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Grigsby v. Alvis-Crawford

Court of Appeals of Tennessee, Jackson

January 31, 2017

JONATHAN D. GRIGSBY
v.
ALEXANDRA ALVIS-CRAWFORD

          Assigned on Briefs Date: October 4, 2016

         Appeal from the Juvenile Court for Tipton County No. 14-JV-148 William A. Peeler, Judge No. W2016-00393-COA-R3-JV - Filed January 31, 2017

         This custody dispute involves the child born to Jonathan D. Grigsby (Father) and Alexandra Alvis-Crawford (Mother). In July 2014, the parties were residing together when Mother moved out of the house with the child and refused to let Father see or talk to him. Shortly thereafter, Mother had medical issues and was admitted to the hospital where she remained until September 2014. During this time, the child lived in the home of the maternal grandparents of the child. Because the maternal grandparents refused to allow Father to see or speak with the child, he filed a petition seeking an ex parte order for immediate custody of his minor child. Based on Father's petition, the trial court entered an order finding that the grandparents were unlawfully keeping the child from Father. The trial court gave Father immediate temporary custody of the child. The trial court did not make a permanent custody determination at that time. In December 2014, Mother filed a petition for custody. In January 2016, the trial court held a hearing on Father's amended emergency petition and Mother's petition. The trial court found that it is in the best interest of the child to stay with Father. Accordingly, the court designated Father as the primary residential parent. Mother appeals. We affirm.

         Tenn. R. App. P. 3 Appeal as of Right; Judgment of the Juvenile Court Affirmed; Case Remanded

          Edwin C. Lenow, Memphis, Tennessee, for appellant, Alexandra Alvis-Crawford.

          Paola Palazzolo-West, Memphis, Tennessee, for the appellee, Jonathan D. Grigsby.

          Charles D. SuSANO, Jr., J., delivered the opinion of the court, in which Richard H. Dinkins and Arnold B. Goldin, JJ., joined.

          OPINION

          CHARLES D. SUSANO, JR., JUDGE

         I.

         Mother and Father were never married to each other. Mother has one child from a previous marriage. The parties had a child together in August 2011. In July 2014, while Father was at work, Mother moved out of Father's home with the child. Mother refused to allow Father to see the child. A few days later, Mother went into septic shock and was hospitalized until the end of September 2014.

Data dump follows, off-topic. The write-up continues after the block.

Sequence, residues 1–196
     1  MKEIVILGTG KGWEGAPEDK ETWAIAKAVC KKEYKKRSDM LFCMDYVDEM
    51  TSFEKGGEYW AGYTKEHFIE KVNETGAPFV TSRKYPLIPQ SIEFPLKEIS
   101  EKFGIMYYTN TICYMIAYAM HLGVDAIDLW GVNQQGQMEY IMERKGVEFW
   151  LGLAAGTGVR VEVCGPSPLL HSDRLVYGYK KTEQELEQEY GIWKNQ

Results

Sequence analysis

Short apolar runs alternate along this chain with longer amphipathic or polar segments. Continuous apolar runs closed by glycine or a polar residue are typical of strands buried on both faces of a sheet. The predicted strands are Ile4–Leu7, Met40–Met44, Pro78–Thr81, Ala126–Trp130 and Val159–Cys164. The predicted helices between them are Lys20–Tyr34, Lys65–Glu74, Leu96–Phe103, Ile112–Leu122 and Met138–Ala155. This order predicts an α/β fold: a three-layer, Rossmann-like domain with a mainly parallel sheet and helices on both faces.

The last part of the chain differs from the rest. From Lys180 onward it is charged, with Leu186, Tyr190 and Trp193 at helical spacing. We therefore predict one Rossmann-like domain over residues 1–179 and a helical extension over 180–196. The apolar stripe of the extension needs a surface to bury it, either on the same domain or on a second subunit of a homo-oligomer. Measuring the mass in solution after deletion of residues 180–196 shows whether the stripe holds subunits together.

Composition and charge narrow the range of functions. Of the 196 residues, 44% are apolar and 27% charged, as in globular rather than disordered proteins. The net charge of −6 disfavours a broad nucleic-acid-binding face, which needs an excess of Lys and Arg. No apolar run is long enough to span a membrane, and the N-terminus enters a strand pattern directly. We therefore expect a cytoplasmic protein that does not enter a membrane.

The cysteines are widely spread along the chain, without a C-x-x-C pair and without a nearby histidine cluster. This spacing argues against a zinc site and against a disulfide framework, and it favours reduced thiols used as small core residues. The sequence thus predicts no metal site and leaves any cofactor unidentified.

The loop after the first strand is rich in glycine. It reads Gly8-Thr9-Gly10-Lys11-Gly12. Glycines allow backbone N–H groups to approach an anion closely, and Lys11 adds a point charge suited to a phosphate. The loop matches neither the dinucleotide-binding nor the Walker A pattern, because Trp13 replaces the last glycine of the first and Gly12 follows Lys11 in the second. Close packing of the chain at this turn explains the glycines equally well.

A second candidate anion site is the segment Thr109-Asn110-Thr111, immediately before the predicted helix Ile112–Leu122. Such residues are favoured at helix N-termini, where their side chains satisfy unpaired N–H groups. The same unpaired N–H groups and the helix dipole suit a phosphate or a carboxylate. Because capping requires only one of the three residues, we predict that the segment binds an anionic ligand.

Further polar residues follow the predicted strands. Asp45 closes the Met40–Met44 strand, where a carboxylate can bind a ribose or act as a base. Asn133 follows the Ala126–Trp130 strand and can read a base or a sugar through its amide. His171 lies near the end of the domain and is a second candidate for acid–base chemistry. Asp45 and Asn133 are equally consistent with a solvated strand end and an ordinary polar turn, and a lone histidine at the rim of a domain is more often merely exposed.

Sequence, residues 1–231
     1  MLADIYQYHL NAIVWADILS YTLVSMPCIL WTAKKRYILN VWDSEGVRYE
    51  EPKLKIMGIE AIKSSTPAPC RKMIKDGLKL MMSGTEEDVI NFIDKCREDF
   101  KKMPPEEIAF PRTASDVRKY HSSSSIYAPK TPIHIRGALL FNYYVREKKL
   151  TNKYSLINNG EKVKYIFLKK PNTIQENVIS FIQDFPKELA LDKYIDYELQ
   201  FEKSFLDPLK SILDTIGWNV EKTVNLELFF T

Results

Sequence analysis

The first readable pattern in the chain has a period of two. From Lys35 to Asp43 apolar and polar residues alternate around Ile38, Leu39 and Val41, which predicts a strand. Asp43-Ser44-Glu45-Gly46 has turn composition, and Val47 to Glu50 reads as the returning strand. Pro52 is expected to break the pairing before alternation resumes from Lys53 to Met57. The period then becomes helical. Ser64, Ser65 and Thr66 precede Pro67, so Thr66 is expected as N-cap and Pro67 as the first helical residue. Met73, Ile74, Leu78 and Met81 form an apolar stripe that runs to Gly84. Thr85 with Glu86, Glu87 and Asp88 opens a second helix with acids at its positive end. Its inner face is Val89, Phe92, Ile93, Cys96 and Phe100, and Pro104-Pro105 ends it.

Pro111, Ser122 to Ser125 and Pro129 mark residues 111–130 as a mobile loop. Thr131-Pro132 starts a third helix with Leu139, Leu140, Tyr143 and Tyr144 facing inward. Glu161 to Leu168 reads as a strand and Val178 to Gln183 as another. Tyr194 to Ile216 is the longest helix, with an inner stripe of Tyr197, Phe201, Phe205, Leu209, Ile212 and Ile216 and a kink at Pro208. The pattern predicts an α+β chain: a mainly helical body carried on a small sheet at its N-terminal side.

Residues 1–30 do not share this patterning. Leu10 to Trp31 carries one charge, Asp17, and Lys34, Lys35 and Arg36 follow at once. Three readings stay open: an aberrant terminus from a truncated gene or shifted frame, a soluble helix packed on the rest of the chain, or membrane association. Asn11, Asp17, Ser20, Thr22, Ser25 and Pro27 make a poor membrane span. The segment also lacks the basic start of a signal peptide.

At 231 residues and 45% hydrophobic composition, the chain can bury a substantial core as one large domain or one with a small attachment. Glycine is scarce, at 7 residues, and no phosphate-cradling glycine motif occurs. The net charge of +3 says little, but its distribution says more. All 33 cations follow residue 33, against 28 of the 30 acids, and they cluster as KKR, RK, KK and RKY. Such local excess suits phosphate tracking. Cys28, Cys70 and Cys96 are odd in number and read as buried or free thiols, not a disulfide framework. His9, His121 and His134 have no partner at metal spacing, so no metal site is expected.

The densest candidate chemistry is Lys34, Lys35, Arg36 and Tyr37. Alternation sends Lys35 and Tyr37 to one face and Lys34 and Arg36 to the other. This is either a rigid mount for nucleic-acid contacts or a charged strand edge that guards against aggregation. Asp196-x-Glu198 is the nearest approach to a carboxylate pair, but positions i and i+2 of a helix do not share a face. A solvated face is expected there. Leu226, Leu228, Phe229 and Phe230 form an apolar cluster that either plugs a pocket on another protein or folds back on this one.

When Mother entered the hospital, the child stayed with the maternal grandparents. During the time Mother was hopitalized, the maternal grandparents refused Father's requests to visit or speak with the child. Despite Father's continuing efforts to make arrangements to see the child, the grandparents told him that he would have to wait until Mother got out of the hospital.

         Due to his inability to contact his child, Father filed an emergency petition for an ex parte order for immediate custody of his minor child. In the petition, Father alleged the following:

That on or about July 1, 2014 and without [his] knowledge or approval, Mother left their residence and took their son with her.
* * *
That upon information and belief, the maternal grandparents . . . have unlawful physical custody of the minor child.
That despite [his] numerous requests, the maternal grandparents refused and continue to refuse to surrender the child back to [him].
That since July 6, 2014, [he] has been denied any and all parenting time with the child, including phone calls.

(Paragraph numbering in original omitted.)

         Based on Father's petition, the trial court entered an order, finding that Father is willing and capable of caring for the child. The court also found that the maternal grandparents were unlawfully keeping the child from Father and interfering with his parenting time. Accordingly, the trial court awarded Father immediate temporary custody of the child and set a hearing to determine permanent custody.

          Mother filed a petition for custody in December 2014. In the petition, she alleged that Father is not a fit person to care for the child due to his history of drug use. She also asserted that it is in the best interest of the child to be with her and the child's half-brother. Following a hearing in January 2016, the court found that it is in the best interest of the child to stay with Father. As a consequence of this, the court designated Father as the primary residential parent. The court also imposed a visitation schedule and ordered that the parties pay their own attorney's fees.

         II.

         Mother raises the following issues, as ...


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